Jordan's Experience.

Hello, my name is Jordan, and I am a befriender Leicestershire & Rutland Sands. My story maybe a little long, but I like to write in some detail what happened. I believe, as a father and a befriender, it is vital to detail those moments from a dads perspective. 

 

Early in 2014, my soon-to-be wife fell pregnant. We were thrilled by the news. I attended all of the midwife appointments and scans that I could. Watching my baby grow was truly amazing and I looked forward to the day that I would meet my child.

 

The pregancy itself, for the most part, was pretty straight forward. Minimal morning sickness (that I recall) and very few health concerns except some heartburn. Everything was going smoothly until around 35/36 weeks. A fast heart rate drew our community midwifes attention and we made our way too the hospital for a quick check up. The culprit was a sugary breakfast (or so we thought at the time) and our baby boy had settled down with a normal heart rate.

 

A few more weeks had passed and my partners bump had not grown. She had been measuring ahead for most of the way but her growth had seemingly stopped. Our community midwife assured us that there was nothing to worry about, so we continued as normal.

 

A few more weeks passed and we had a change of community midwife. Fresh eyes on our file. She completed the usual checks and was not happy with my partners bump not growning since week 35/36. So, she conacted the MAU and booked us in for a growth scan that day for a check up. We arrived and had the scan was completed. All came back normal and okay. Esitmated weight was around 6lbs 13ozs. Before leaving, our community midwife had booked us in for a membrane sweep as we were about to pass 40 weeks and she wanted to try and induce labour.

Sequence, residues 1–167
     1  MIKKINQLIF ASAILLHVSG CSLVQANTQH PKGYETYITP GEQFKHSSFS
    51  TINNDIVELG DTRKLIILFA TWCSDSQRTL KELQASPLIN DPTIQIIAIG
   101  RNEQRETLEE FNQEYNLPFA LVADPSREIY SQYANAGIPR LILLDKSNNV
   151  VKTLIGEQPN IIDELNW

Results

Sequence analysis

On Tuesday, my partner said she was having small tighting around her bum area. We found out it can happen that labour starts in the area. I was so excited, so I left work came straight home. 

 

On the thursday, my partner had the mebrane sweep. It must of been uncomfortable for her. Again, our baby boy had a fast heart rate. She continued to monitor him and he finally settled down.

 

Saturday arrived and my partner had noticed reduced movements and was concerned. She has been taking plenty of warm baths to help easy any pain she was having. After a little while, we contacted the MAU for help. We went through the usual routine of cold water and so on and was advised to call back again if nothing changed. An hour or 2 later we called back and we were told to come in for a check up. It was a late, chilly, October evening. We were overdue by some time. 41+4 weeks. I still thought nothing was wrong. I had no reason to believe otherwise. I had never heard of a stillbirth except in my early teens when my brother expericencd a stillbirth for himself many many years ago.